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Mardi Gras and Lent

by Yvonne Liu

The holiday season from Thanksgiving to New Year is one focused on indulgence in the form of gifts, foods, and spreading general good cheer, celebrating everything from family to the birth of Christ. So it seems only natural there is a season to purge yourself from all the excess, which also happens to be religiously rooted in the Christian faith.

The season of Lent is the time of preparation for Holy Week, leading up to Easter. Much like New Year's resolutions (this being your second chance in case you gave up after the first month of the new year), it is a time for many to give up something like candy or smoking, while others may resolve to attend Mass more frequently. In a religious sense, the forty days of Lent stand for sacrifice and acts of self-denial. These acts are geared to remind people of Christ and the agony and sacrifices he went through for each of his disciples, with the tragedy of Good Friday leading to the triumph of Easter Sunday.

But before Lent, there is Shrove Tuesday, also known as Mardi Gras or Fat Tuesday, and is the day of preparation for Lent. The word "shrove" comes from the word "shrive," meaning "to confess," and takes place on the Tuesday before Ash Wednesday (the day many Catholics go to church to receive the sign of the cross marked in ash on their foreheads, its purpose being to remind them of their own mortality) and the official start of Lent. Pancake suppers also originated, as making pancakes was a good way to use up fat and eggs, two things which were strictly prohibited from the Lent diet. And for much of the country, the Tuesday before Lent is just that, a Tuesday, but in New Orleans this Tuesday is "Mardi Gras," representing the last gasp of decadence before a period of austerity. Celebrated long before in the Christian countries of Europe, the traditions of Mardi Gras came from the French who settled in the New World. Historians say that Mardi Gras was observed by masked balls and bawdy street processions in New Orleans as early as the 1700s. Infamous for masks, beads, parades, and general debauchery, Mardi Gras marks the feast before the fast.

The spirit of the forty days of Lent is borrowed from the days Jesus spent in the desert. During his time there, he was tested, as the Jewish view of the desert was "an abode of demons, especially that part of the desert where winds would howl around tall, rough stone." When Jesus entered the desert, he left behind all the expectations of others-all the hopes and illusions. It was just Jesus and the Father, in the Holy Spirit. But in solitude, demons come. And it was there that Jesus was tempted and offered to be the wrong kind of messiah, and he rejected them all. The defeat of Satan during this testing hinted at the final defeat of evil through the Cross and Resurrection.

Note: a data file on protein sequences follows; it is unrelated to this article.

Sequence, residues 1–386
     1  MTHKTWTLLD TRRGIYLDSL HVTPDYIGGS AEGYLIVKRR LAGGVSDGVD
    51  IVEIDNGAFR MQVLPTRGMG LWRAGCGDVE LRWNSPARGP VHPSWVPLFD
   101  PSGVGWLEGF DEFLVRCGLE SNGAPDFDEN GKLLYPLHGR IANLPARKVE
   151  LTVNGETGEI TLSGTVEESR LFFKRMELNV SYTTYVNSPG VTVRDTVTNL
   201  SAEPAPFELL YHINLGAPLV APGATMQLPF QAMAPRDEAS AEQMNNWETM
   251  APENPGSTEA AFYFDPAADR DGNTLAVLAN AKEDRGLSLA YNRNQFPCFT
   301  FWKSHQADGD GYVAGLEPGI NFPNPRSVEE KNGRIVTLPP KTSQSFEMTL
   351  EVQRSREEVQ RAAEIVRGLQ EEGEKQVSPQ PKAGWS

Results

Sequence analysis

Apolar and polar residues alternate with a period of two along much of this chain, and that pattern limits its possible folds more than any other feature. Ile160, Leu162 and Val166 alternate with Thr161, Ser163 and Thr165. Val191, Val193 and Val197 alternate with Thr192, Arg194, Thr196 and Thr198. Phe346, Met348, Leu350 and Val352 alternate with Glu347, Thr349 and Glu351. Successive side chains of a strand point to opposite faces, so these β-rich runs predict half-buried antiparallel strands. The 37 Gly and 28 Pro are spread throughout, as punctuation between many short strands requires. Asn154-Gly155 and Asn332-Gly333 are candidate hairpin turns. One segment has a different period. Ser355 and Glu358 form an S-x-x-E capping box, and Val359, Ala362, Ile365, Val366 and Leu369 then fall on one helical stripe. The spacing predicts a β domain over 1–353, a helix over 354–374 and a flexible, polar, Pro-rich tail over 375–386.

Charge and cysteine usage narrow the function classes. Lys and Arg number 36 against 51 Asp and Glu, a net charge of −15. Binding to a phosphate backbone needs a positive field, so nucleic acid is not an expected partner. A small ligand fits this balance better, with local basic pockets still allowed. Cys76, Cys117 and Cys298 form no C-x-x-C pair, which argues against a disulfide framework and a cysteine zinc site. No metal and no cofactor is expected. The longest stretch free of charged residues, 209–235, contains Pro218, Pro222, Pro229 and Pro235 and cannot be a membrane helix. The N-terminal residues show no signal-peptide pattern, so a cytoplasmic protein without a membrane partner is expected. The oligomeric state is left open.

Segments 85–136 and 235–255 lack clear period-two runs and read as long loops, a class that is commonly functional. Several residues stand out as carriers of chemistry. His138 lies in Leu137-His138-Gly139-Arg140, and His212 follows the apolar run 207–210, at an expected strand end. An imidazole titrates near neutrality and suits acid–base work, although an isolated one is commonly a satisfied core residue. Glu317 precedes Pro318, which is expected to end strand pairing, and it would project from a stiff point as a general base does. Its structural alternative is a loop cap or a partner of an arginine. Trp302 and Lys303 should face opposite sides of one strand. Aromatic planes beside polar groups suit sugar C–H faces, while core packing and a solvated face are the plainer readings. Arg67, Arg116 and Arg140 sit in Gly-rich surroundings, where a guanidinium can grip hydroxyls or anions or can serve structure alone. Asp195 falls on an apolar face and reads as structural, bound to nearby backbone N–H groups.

During Lent, practitioners abstain from meat (while Orthodox followers also abstain from products that come from animals, including dairy and eggs during the entire Lent season) and fast on Fridays, Ash Wednesday, and Good Friday and perform acts of penance or self-denial. Rather than thinking of it as starving yourself for Christ, fasting (depriving the body of food from midnight till noon) is a way for Christians to take charge of their bodies and needs, rather than to allow the body, its needs, and passions to rule over each individual's life.

How is all of this connected to Jesus and his forty days in the desert? In the desert, deprivation is key. There is no water, and therefore little plantlife can exist to provide food or shelter. For many people, deprivation is a great evil that should be avoided at all costs. In a more material sense, not being able to afford a certain kind of lifestyle or owning the latest goods is a fear that drives people to protect themselves from financial distress. However, in deprivation many may discover that they are not all-powerful and have in fact become slaves to pleasure, to the opinions of others, and more. Doing without allows people to strip away some of the illusions for a glimpse of the truth.

In the greater sense of the meaning of Lent, the acts of abstinence and acts of penance are metaphors about what one needs, who one is, and who God is. During life, people try to make some progress in discarding "attachments," but at death, there is no choice. Who is to argue about the worth of attractiveness over a rotting body or the values of possessions as they are taken away by others? Lent teaches its participants that it is far better to discard foolish attachments in this life and to be able to distinguish between illusions and truth.

Source: Rushman.org, Spirituality.org, Holidays.net, FatTuesday.com


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